Dutch Roundabouts and Roadways for Cyclists

Image from Dutch Bicyclists blogger’s article: Explaining the Dutch Roundabout Abroad

As Bicycle Dutch Blogger elaborates on in his article, Explaining the Dutch Roundabout Abroad, the Dutch roundabouts are dangerous in the “eyes of foreign planners and engineers”. The Dutch prefer roundabouts over over signalized intersections. This is even the preference for pedestrians and cyclists. The striking observation that Bicycle Dutch Blogger made was that the Dutch intersections that are now roundabouts have proven to be less dangerous than traditional intersections. Bicycle Dutch Blogger also spoke with Dick van Veen, a senior traffic expert at Mobycon a Dutch consultancy company. Dick van Veen explained to Bicycle Dutch Blogger that through research he has found that signalized intersections are designed for not for the safety of pedestrians or cyclist but for high traffic flow. Dick van Veen believes that signals make people lazy and cause them to only be concerned about whether or not their traffic light is green. Moreover, Dick welcomes switching off signals outside of peak times. Dick elaborates also that when one is driving through a roundabout weaving is not easy and causes cars to use the most outer lanes.

Betsky agrees with Dick and believes that the Dutch roadway are safe and are built more along the lines of concern for pedestrians and cyclists. Betsky’s uses his bike route from work to home to help explain how he views the Dutch architecture of the city. Betsky describes the Netherlands to as a country that is “marked by linear development along dikes, roads, and now highways, connecting points where first water and now traffic is controlled” (16). Betsky describes how the story of today regarding Rotterdam is a modern metropolis. He explains that the modern architecture and planing reflect the “glories of integrated economic, social, aesthetic systematizing of all urban needs” (34).

It is clear that though the eyes of these writers in these articles that the Dutch roadway system is built and nicely accommodated for pedestrians and cyclists. Their roundabouts have proven to be less dangerous and more effective in preventing accidents than signalized intersections. Amsterdam and Rotterdam are focused on their environment and having a modern metropolis that is concerned about pedestrians and cyclists that help the environment.


5 thoughts on “Dutch Roundabouts and Roadways for Cyclists

  1. I like how you’re working to link the bike blog stuff to Betsky! He doesn’t really talk much about street infrastructure, and the bike blog doesn’t talk about the built environment around the streets. I’d be interested in seeing your linkage developed further (maybe in Essay 2 or maybe just in conversation in Amsterdam): How does the infrastructure enable the kind of bike ride Betsky took?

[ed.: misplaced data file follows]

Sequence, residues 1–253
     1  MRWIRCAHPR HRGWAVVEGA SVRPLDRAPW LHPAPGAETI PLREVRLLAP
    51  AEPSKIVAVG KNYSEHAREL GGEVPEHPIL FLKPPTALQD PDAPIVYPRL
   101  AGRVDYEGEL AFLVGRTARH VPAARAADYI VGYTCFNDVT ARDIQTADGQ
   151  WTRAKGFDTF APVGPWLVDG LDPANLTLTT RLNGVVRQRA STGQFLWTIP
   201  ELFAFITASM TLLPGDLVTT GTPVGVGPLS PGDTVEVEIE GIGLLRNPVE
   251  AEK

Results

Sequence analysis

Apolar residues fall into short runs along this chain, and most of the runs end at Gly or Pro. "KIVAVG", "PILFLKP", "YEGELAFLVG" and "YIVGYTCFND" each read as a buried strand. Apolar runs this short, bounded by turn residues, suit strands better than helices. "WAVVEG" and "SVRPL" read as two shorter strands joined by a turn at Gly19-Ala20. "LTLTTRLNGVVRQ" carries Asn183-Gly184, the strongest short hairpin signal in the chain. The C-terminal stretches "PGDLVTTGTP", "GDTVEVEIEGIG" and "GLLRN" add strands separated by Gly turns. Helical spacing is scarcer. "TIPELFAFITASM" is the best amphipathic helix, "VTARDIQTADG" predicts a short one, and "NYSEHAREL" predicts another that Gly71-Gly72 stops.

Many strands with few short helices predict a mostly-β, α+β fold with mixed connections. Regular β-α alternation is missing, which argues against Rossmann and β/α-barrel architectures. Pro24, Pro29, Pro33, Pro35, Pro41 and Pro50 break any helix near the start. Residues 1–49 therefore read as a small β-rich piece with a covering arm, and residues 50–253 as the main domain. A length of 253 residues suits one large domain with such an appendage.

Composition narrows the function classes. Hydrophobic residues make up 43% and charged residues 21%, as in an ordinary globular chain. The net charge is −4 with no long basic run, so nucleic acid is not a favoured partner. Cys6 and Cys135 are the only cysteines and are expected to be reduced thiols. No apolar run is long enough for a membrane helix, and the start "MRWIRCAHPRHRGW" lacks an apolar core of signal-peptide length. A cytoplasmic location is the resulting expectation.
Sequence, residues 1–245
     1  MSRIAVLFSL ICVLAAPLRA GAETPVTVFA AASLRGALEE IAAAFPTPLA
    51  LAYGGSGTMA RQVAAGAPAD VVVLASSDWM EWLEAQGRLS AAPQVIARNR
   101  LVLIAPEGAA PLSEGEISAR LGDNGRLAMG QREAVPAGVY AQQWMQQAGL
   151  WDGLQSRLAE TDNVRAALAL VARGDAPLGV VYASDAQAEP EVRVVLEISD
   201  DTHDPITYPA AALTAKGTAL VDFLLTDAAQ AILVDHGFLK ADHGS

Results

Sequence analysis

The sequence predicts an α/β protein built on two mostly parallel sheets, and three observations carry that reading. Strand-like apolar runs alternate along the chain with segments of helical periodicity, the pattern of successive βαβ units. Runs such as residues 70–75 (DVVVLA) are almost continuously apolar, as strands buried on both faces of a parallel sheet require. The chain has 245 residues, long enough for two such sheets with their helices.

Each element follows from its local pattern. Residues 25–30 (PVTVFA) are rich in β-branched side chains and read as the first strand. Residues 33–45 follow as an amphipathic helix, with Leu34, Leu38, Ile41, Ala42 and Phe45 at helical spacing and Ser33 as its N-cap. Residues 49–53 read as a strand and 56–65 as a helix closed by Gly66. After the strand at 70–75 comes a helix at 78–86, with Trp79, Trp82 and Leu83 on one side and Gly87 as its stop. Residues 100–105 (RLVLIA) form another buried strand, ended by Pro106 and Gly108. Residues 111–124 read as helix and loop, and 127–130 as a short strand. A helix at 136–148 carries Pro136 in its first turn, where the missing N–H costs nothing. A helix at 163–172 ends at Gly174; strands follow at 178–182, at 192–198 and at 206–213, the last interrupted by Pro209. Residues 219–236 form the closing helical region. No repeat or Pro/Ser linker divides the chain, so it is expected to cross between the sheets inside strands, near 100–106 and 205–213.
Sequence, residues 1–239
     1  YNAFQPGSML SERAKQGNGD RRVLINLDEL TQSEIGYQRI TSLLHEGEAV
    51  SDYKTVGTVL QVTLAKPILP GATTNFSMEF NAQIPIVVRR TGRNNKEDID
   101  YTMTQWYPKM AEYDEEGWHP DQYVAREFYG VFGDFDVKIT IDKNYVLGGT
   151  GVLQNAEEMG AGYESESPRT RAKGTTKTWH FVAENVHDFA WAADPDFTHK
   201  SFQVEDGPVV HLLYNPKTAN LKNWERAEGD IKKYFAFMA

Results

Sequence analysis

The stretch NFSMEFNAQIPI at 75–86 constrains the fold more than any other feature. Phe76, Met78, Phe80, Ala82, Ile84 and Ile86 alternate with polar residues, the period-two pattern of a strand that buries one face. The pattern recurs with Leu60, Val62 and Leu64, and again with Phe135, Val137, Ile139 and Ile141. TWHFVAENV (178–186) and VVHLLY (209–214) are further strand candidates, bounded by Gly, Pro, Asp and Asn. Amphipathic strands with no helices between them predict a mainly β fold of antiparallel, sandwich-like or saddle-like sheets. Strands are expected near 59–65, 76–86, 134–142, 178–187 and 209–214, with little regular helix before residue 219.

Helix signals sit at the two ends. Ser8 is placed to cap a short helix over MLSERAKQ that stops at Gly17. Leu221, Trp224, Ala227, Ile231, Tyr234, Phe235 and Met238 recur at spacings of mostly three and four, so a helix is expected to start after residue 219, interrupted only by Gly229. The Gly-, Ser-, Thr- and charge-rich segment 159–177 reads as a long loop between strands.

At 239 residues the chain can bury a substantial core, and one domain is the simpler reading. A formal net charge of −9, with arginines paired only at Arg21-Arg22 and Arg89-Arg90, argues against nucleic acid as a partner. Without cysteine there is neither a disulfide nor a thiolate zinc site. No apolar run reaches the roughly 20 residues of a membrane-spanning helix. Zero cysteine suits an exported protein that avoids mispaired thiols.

2. I could not do a full citation of the picture because I am in Florence right now and having technical difficulties. I will do it later though.


    1. I also found the bit about people becoming complacent as a result of traffic lights interesting. I honestly cannot remember the last time I looked both ways before crossing a street with a green walk sign which is wildly unsafe. I’ve run reds by mistake before and texting and driving, as well as drinking and driving, is a widespread problem. When I was in Albania last month the advice I received was, “don’t look both ways. Look every way.” Drivers in that country are crazy (in Greece as well) but that does at least encourage vigilance. In the West we take assumed order far too seriously and are often careless as a result. There does seem to be a lot of logic behind these special cyclist routes that has not been adopted elsewhere. I often find it irritating when bikers are forced into traffic in the US, but it’s unfortunately because we don’t make our roads to accommodate them which is both dangerous and inefficient.


      1. You could certainly expand on what you mention about Betsky’s framework of linearity as it pertains to the topic you bring up here.


      2. To clarify, I mean that it would be interesting to see you expand on that point in your essay (I realized it came across as quite sassy which was not my intent!) It might be worthwhile to also further explore the idea of compromise that Betsky writes about, which is pertinent with this topic.


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